Goodreads Cross Promotion

While Amazon does not allow authors to review each other’s books, Goodreads encourages it. Goodreads does not allow an author to add their own book to a list, but authors can add someone else’s book to various lists.

Just like you swap email newsletter promotions, you can also swap Goodreads promotions. 

Launch Bundles

We’ve been talking a lot about launch bundles recently. They are a great way to create Urgency (Episode 223) and Scarcity (Episode 225).

In short, a launch bundle is a collection of bonuses that readers receive if they purchase the book in the first few weeks of launch. A great way to collaborate with other authors is to contribute to each other’s launch bundles.

For example, you can offer your e-book as part of a fellow author’s launch bundle, and she can provide hers as part of your launch bundle. This is one reason it’s helpful to have lots of short stories on hand. 


Writing blurbs for book covers is the classic way of cross-promoting in traditional publishing. But remember, blurbs only work if readers already know the person who has written the blurb or their title like “bestselling author” or “senator.”

Cohosting Webinars & Facebook Lives

This is a classic for nonfiction authors. Cohosting a webinar or Facebook Live is a great way to introduce your different audiences to each other. We talk more about this in Episode 153 – How to Host a Facebook Live For Your Book.

Podcast Guesting

If you have a podcast, you can invite authors to be a guest on your podcast and vice versa. 

For more on podcast guesting listen to:

Level 3: How to Collaborate with Other Authors 

If level-one is the singles mixer, and level two is dating, then level three is marriage. This is the ultimate form of collaboration.

Foreword Writing

If you write a foreword for someone, they can add you as an “author” of their book on Amazon. If a reader views your Amazon author page, it will show the books you’ve written as well as the books for which you’ve written forewords.

Writing foreword is a time-tested tactic. If you don’t have a foreword in your book, you are leaving book sales on the table. Click to Tweet 

Writing a foreword is a big commitment for the author who writes it. Having a great foreword is a result of having a great relationship with the writer. You’ll find these relationships can be cultivated in person as well as online.

The forward for my book Courtship in Crisis (affiliate link) was written by Debra Fileta, the author of the popular book True Love Dates (affiliate link). She read my viral blog post and reached out to me. We corresponded by email about our topic, and I eventually invited her to be a guest on my radio show.  

Because I got to know her through correspondence and conversation, I felt comfortable asking her to write the foreword for my book. She agreed. But if you click on her name in Amazon, you will see three books: the two she authored and the one for which she wrote a foreword. Everyone who looks at my book sees her name listed in the author line as the forward author.

Short Story Anthology

I’ve noticed that urban fantasy authors make good use of this technique. A group of authors will publish a short story anthology. I buy a lot of these because Jim Butcher puts Dresden Files (affiliate link)  short stories in these anthologies. Anthologies introduce me to new writers.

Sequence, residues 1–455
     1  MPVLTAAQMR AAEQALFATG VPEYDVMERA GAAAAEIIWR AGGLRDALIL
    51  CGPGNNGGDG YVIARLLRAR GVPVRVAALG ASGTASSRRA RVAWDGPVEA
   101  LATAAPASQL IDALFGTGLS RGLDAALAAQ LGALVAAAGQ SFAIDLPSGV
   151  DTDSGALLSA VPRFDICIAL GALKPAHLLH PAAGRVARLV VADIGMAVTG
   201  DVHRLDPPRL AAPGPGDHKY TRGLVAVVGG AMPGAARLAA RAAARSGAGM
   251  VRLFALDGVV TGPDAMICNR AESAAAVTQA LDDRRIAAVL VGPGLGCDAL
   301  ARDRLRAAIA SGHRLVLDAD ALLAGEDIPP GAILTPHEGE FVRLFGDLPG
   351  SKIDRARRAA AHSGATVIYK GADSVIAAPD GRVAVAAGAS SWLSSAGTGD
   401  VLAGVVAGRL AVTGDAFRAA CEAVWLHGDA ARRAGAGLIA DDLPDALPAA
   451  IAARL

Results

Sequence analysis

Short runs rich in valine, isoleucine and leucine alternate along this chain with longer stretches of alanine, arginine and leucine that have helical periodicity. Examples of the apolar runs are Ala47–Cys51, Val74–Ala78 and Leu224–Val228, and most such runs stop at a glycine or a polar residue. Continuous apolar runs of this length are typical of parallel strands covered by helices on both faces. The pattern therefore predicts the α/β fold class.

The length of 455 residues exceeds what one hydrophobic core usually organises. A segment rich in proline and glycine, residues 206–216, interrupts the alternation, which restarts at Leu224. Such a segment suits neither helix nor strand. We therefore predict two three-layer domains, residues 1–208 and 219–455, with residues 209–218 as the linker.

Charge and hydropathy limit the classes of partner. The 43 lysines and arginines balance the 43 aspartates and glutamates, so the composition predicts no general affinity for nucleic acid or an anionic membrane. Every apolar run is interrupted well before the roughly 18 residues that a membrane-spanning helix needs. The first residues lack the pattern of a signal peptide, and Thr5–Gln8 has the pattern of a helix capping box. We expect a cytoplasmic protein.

This type of collaboration requires more work. But it can be worth it. A group of authors working together can provide more value than just two authors working alone.

Co-Authoring a Book Together

Co-Authoring is a major commitment. Don’t go into an agreement lightly. That said, this is perhaps the most powerful technique because it allows both authors to fully leverage their readerships. 

Sharing a Literary Universe

Sharing a literary universe has many of the same benefits as co-authoring a book together. But it doesn’t require authors to work together as closely as co-authoring does. However, this could be a more long-term commitment as multiple books develop from your shared universe.

When authors share a literary universe, characters from one story can appear in the other author’s story and vice versa. To learn more about sharing a literary universe, listen to episode 216–Literary Universe Marketing

Creating a Pen Name Together

Sharing a pen name is the ultimate commitment. Instead of co-authoring a book with another author, you can create a pen name with them.

Creating a shared pen name works when two authors, who write in different genres, work together. A romance writer may team up with a suspense writer to create a masterful romantic suspense novel under their collective pen name.

How else can authors work together? Let us know in the Novel Marketing Facebook group.


How to Start a Local Writers Group

Most authors want to join someone else’s writers group. When everyone thinks someone else will do something, it doesn’t happen. The result? Most authors are not in writers groups, even though writers group membership is one of the things that separates bestselling authors from authors struggling to make it.

Don’t let that be you!

In this course, you will learn how to start your very own writers group. 

Thomas has started nearly half a dozen writer’s groups over the last ten years, and he has learned a thing or two in the process. 

Patrons save 50%, and students of the 5 Year Plan get this course for free! And that’s a good price! 

Learn more at AuthorMedia.com. 

Featured Patron

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Advocate Mary DeMuth unpacks the church’s response to sexual violence and provides a healthy framework for the church to become a haven of healing instead of an institution of judgment.                                                       

You can become a Novel Marketing Patron here.

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It is fun to watch Mercy, our toddler, with our new baby, Tommy. Mercy is so excited about this new little person in the house.

She only knows a handful of words, but we’ve been teaching her baby sign language, and she uses the sign “sleepy” to refer to the baby. One time she used the signs “sleepy” and then the sign for “bird” to refer to him. “Sleeping Bird” has become his new nickname. 

Mercy wants so much to be able to play with Tommy, but they are both too small. The best she can do is kiss him. Pretty much everything else is too rough.

We have to watch Mercy like a hawk while Tommy is having “tummy time” because Mercy will step on him or try to hug him too hard. As they grow, they will be able to interact better.

When it comes to interacting with readers, a lot of beginning authors are like my daughter. They want to interact with their readers, but the know what to say or how to get readers to want to join their email list. 

If that is you, don’t give up! Keep listening to this podcast and keep getting better at your craft. Keep growing. You won’t stay at the “toddler level” forever.